Couple’s reconciliation not condoned

The New London Day, Eastern Connecticut, May 30, 1999
By Kyn Tolson

Soon after Sue Wing started to see her estranged husband on the sly, she found out their reconciliation was unlikely ever to get a blessing from the church prophet.

“Jean Spademan said, ‘If Sue Wing wants her sin, she ought to bloody well go and get it!’ ”

Sue remembers hearing that admonishment shortly before leaving The King’s Chapel. Her husband, Sidney, had quit two years before, when he was struggling with alcoholism. Sue and the Wings’ three daughters finally left in November 1992, nine years after they started going to Dayspring Church of God, which later merged with King’s Chapel.

Church membership had taken a costly toll on the family. Sue had gone through a long period of working for free – both at a gift shop that Dayspring owned and operated in Jewett City and at Sam Wibberley Tire.

Her first volunteering was in the early 1980s at Blessings Gift Shop. The Wings’ girls were young at the time, and the family was living in East Killingly.

In a written testimony of her experiences in the church, Sue, now 50, said, “I didn’t want to (work there). I felt the items were too high-priced for the average person in Jewett City…” Nonetheless, she initially went there part-time. She went full-time, without pay, in 1986, after her family followed advice from church leadership and moved to Jewett City.

When the shop closed in 1987, she was asked to volunteer at the tire business. The plan, according to the Wings, was to sell Christian books and candy out of the Danielson shop. That never developed, but Sue was at the business anywhere from 19 to 40 hours a week.

She struggled to juggle her volunteering with her home life. “My children were still in school, and I was able most of the time to leave and be home for them. But there was often the urgent need about the time I had to leave that would keep me there. And my children would come home to an empty home,” she wrote.

Her work included data entry, selling tires, writing up receipts and picking up parts. “I’ve been to every junkyard in eastern Connecticut,” she said. Her cat Kleemann is named for one in Preston.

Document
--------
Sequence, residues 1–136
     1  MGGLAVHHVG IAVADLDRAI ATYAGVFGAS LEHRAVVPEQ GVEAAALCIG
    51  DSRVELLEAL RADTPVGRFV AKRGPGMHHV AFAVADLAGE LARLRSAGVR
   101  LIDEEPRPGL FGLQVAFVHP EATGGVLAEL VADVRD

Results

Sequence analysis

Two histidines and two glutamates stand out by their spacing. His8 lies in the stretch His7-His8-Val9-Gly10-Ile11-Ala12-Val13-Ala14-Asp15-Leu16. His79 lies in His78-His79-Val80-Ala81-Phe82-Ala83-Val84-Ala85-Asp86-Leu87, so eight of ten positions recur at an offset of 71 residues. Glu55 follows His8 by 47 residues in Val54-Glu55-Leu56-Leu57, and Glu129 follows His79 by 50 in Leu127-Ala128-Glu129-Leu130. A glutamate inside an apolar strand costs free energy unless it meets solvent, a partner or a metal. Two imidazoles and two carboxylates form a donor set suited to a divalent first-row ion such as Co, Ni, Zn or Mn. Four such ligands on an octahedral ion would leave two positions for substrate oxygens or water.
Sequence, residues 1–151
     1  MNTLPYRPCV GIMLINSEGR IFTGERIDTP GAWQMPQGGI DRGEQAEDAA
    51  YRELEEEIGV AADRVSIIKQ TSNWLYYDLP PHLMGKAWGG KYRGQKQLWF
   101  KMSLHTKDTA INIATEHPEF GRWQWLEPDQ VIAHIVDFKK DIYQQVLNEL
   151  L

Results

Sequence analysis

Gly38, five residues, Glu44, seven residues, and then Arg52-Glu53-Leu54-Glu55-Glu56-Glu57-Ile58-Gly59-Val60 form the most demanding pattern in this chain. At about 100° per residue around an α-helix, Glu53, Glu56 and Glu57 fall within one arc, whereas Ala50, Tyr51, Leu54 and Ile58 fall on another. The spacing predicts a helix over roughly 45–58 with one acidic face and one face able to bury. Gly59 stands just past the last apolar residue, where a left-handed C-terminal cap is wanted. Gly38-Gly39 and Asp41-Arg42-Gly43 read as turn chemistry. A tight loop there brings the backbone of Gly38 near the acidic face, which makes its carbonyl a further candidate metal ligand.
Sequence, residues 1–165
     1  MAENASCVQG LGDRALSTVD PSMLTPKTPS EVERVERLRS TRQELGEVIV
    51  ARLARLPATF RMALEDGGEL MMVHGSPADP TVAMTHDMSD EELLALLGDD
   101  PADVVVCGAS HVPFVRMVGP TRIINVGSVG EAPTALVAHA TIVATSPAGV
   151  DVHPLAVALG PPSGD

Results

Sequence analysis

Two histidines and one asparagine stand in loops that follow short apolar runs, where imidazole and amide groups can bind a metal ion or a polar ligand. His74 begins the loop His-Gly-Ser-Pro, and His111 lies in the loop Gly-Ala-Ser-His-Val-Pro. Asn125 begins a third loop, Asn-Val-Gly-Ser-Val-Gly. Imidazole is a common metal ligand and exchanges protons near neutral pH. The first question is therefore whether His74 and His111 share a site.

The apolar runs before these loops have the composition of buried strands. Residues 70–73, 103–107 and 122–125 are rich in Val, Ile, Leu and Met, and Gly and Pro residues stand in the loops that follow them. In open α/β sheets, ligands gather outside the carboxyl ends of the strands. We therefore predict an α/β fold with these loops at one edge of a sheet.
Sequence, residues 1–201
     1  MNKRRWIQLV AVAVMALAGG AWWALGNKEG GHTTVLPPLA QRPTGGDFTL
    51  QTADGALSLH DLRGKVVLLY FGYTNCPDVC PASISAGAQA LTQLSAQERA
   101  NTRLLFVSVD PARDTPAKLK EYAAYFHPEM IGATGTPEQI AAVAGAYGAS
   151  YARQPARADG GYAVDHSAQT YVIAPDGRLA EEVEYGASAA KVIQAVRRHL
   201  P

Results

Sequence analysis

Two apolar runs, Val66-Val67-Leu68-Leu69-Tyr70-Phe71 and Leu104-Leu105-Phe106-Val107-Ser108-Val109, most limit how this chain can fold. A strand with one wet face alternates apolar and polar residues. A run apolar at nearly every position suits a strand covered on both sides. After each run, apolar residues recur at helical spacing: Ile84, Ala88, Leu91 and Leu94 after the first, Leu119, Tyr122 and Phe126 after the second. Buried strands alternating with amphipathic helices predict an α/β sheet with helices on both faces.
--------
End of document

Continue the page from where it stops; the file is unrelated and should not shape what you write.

Eventually, at her husband’s insistence, Sue went to Wibberley to ask for a wage. He gave her $100 weekly. “They only gave her that because I demanded she get paid,” said Sidney. “Sam went to Syro, and Syro said that Sue deserves $100 a week. So that’s what she got. … That was gross pay.”

Life at home, meanwhile, was tumultuous. At one point, Sidney was temporarily disabled with a back injury. He also was fighting depression and drinking. Today he has been in recovery for eight years and works as a machinist in nuclear power plants. When he first sought treatment for alcoholism, however, the family was barely making ends meet. The couple separated in 1991. Sidney had left the church and briefly dated another woman. He was shunned by the church leadership, and it was understood that Sue shouldn’t have much to do with him.

She started to look for a job with a better salary.

“When Sam found out, he got very angry,” she said. “He said I was deceitful.”

Nonetheless she stood by her decision. She found a secretarial job at M.J. Sullivan in New London for $7 an hour.

“I think Sam has a control problem,” she said.

Though she stayed in the church a bit longer, the final break was not far off. She and Sid secretly started seeing each other again. He made sure not to answer the telephone when he was visiting at their Taylor Hill Road home, but the ministry eventually found out.

Syro gave her an admonishment, Sue says, and pastor John V. Monahan Jr. called her on the phone to say, “You just want to have sex with your husband!

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